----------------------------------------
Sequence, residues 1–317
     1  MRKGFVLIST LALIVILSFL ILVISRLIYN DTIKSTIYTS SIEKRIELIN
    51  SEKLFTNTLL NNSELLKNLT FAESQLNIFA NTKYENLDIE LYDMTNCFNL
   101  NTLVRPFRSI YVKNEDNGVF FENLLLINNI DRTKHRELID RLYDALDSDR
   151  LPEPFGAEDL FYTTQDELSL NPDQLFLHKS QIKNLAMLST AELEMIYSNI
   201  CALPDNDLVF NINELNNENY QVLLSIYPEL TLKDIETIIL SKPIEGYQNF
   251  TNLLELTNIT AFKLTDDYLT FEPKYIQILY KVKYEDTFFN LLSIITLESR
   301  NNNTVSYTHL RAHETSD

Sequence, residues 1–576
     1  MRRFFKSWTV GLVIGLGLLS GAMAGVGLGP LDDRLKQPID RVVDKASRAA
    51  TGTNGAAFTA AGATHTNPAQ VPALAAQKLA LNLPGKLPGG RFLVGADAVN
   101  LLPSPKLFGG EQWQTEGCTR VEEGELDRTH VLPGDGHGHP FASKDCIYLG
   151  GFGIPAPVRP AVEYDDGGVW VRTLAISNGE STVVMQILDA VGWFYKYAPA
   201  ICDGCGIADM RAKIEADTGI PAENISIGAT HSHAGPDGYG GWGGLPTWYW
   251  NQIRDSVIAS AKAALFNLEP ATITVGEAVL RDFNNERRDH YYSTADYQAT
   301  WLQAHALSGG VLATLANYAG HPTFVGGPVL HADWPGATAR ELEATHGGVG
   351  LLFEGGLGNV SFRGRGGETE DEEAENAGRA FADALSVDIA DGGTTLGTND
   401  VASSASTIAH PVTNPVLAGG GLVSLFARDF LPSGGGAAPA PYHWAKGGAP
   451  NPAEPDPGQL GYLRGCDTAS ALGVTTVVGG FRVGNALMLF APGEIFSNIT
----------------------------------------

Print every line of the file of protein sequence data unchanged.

Sequence, residues 1–317
     1  MRKGFVLIST LALIVILSFL ILVISRLIYN DTIKSTIYTS SIEKRIELIN
    51  SEKLFTNTLL NNSELLKNLT FAESQLNIFA NTKYENLDIE LYDMTNCFNL
   101  NTLVRPFRSI YVKNEDNGVF FENLLLINNI DRTKHRELID RLYDALDSDR
   151  LPEPFGAEDL FYTTQDELSL NPDQLFLHKS QIKNLAMLST AELEMIYSNI
   201  CALPDNDLVF NINELNNENY QVLLSIYPEL TLKDIETIIL SKPIEGYQNF
   251  TNLLELTNIT AFKLTDDYLT FEPKYIQILY KVKYEDTFFN LLSIITLESR
   301  NNNTVSYTHL RAHETSD

Sequence, residues 1–576
     1  MRRFFKSWTV GLVIGLGLLS GAMAGVGLGP LDDRLKQPID RVVDKASRAA
    51  TGTNGAAFTA AGATHTNPAQ VPALAAQKLA LNLPGKLPGG RFLVGADAVN
   101  LLPSPKLFGG EQWQTEGCTR VEEGELDRTH VLPGDGHGHP FASKDCIYLG
   151  GFGIPAPVRP AVEYDDGGVW VRTLAISNGE STVVMQILDA VGWFYKYAPA
   201  ICDGCGIADM RAKIEADTGI PAENISIGAT HSHAGPDGYG GWGGLPTWYW
   251  NQIRDSVIAS AKAALFNLEP ATITVGEAVL RDFNNERRDH YYSTADYQAT
   301  WLQAHALSGG VLATLANYAG HPTFVGGPVL HADWPGATAR ELEATHGGVG
   351  LLFEGGLGNV SFRGRGGETE DEEAENAGRA FADALSVDIA DGGTTLGTND
   401  VASSASTIAH PVTNPVLAGG GLVSLFARDF LPSGGGAAPA PYHWAKGGAP
   451  NPAEPDPGQL GYLRGCDTAS ALGVTTVVGG FRVGNALMLF APGEIFSNIT